Memories of the loveable ScooterPhil Rizzuto was truly one of a kind
"Oh, no," said The Scooter. "I can't be seen at something like that."
Off we went, Scooterless, to the theater. We were sitting in the dark for about an hour when, on the screen, flashed a particularly ribald scene. Suddenly, from the back of the silent theater, a familiar shriek was heard.
Rizzuto had slipped into the theater surreptitiously, wearing a raincoat with the collar turned up, a hat and sunglasses so as not to be recognized, but with two words he had blown his cover.
That was one of my first thoughts when I learned that the lovable Scooter had passed on Tuesday. I repeat this story not to embarrass him, but to relate what a genuine, unpretentious, humble person Rizzuto was. For me, traveling with him, knowing him, sharing time with him, was one of the joys of my more than 20 years as a Yankees beat writer.
I saw him only briefly as a player, enough to know that he was special, so special that the incomparable Ted Williams once said, "If we had Phil Rizzuto all those years (the forties and fifties), we would have won all those championships instead of the Yankees."
For those who knew Rizzuto only as a broadcaster, I can report that what you saw is what you got. Unlike many of his contemporaries in what became his second career, Rizzuto on the air was exactly what Rizzuto was off the air: the fear of flying and of things, animate and inanimate, that crawl, squiggle or creep, the early departure from games in order to beat the traffic over the George Washington Bridge and get home to his beloved Cora, the hours spent on the road watching movies on television (his favorite was "North By Northwest" with Cary Grant, which he claimed to have seen more than a dozen times) the naiveté, the ability to poke fun at himself and to admit ignorance of some fact or some recently arrived player.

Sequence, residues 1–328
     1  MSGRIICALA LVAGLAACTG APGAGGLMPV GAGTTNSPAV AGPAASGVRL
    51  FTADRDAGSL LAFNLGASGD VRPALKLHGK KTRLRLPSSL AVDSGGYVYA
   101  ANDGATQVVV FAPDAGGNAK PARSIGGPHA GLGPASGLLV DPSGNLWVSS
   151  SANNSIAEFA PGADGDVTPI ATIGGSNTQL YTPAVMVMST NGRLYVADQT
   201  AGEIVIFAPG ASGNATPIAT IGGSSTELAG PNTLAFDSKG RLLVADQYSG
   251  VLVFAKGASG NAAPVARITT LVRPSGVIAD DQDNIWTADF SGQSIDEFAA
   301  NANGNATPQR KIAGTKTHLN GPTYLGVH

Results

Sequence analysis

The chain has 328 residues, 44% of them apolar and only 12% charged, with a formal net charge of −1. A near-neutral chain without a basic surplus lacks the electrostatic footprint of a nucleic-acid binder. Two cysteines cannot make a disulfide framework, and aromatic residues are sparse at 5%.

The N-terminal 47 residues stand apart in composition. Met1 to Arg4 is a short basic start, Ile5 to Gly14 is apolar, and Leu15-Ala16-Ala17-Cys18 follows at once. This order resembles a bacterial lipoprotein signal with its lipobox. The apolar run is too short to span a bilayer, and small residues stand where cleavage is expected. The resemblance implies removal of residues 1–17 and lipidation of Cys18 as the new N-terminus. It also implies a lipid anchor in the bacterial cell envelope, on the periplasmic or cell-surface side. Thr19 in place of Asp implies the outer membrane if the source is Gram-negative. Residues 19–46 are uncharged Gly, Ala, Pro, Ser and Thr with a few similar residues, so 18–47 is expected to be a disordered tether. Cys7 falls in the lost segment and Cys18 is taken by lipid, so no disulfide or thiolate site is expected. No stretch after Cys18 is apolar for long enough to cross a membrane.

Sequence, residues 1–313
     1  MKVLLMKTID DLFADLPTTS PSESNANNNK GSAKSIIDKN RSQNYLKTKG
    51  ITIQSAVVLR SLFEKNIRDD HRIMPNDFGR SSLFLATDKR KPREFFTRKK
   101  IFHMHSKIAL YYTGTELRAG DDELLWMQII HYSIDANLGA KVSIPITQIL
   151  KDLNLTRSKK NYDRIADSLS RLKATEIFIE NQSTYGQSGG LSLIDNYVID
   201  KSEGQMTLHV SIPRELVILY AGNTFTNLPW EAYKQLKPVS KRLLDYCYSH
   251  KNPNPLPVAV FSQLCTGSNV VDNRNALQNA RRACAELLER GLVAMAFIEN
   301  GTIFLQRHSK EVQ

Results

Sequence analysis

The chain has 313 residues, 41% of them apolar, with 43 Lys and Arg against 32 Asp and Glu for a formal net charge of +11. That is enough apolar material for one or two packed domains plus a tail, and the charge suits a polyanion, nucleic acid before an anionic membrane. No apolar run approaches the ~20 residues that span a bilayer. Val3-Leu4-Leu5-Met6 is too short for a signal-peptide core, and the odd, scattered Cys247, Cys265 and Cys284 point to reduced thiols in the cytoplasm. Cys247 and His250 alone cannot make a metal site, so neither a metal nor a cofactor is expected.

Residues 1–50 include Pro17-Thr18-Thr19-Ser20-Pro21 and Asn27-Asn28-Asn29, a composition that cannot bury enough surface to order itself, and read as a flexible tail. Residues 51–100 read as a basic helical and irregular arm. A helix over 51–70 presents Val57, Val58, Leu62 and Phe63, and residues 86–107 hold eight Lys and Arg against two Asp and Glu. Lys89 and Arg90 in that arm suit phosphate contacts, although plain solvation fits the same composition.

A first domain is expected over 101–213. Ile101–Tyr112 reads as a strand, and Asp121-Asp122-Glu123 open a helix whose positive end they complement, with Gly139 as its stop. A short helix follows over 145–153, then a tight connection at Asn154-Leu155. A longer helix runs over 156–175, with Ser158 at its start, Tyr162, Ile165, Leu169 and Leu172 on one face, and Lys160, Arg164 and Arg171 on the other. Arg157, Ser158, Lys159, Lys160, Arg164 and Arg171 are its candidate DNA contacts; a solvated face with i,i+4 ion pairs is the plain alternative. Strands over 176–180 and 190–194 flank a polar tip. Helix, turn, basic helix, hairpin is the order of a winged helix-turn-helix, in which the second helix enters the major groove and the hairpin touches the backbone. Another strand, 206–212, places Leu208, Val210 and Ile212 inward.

I remember one airplane flight late in the season. I was sitting in the row behind Rizzuto talking with a Yankees pitcher. When the pitcher left to go to the lavoratory, Rizzuto turned to me and asked, "Who's that guy you were talking to?"
"That's Larry Gura, Scooter," I said. "He joined us in June."
So many thoughts came rushing back to me when I learned The Scooter was gone, the on-air birthday greetings, the arrival of cannolis to the press box, the malaprops, the utterances that were uniquely Scooter.
"There's (American League umpire) Larry Napp dusting off home plate from Staten Island."
"I'm here in Seattle and I couldn't believe it, I'm staying in a round hotel. My room is round. I'll never be able to corner Cora tonight."
Hank Majeski has a broken jaw and they have wired his jaw shut because if they didn't he could eat something and choke to death and then he'd be in trouble."
The Yankees' attendance is higher than it's ever been in quite some time."
"That play went six to three for those scoring at home."
I remember looking at Rizzuto's scorecard one day and spread all over it were the letters "WW."
"What is WW?" I asked.
"Wasn't watching," Scooter replied.
The last time I saw Scooter was about a month ago. I heard he was in a nursing home and I paid him a visit. When I walked into his room, he gave me a big smile. I stayed only a few minutes because I was told he was not having a good day. I don't think he knew me. He never called me by name (he and I were both baptized Philip Francis). I got the feeling that he recognized me as someone from his past, but he didn't seem to know exactly what our relationship was.
Still, I'm glad I went, especially when I learned that every Wednesday, Yogi Berra would visit his buddy and teammate and play bingo with him.
To know Scooter was to love him. To know that I will never see him again, never hear him again, never spend time with him again, never poke fun at him again, never laugh at his idiosyncrasies again, leaves a void that can never be replaced.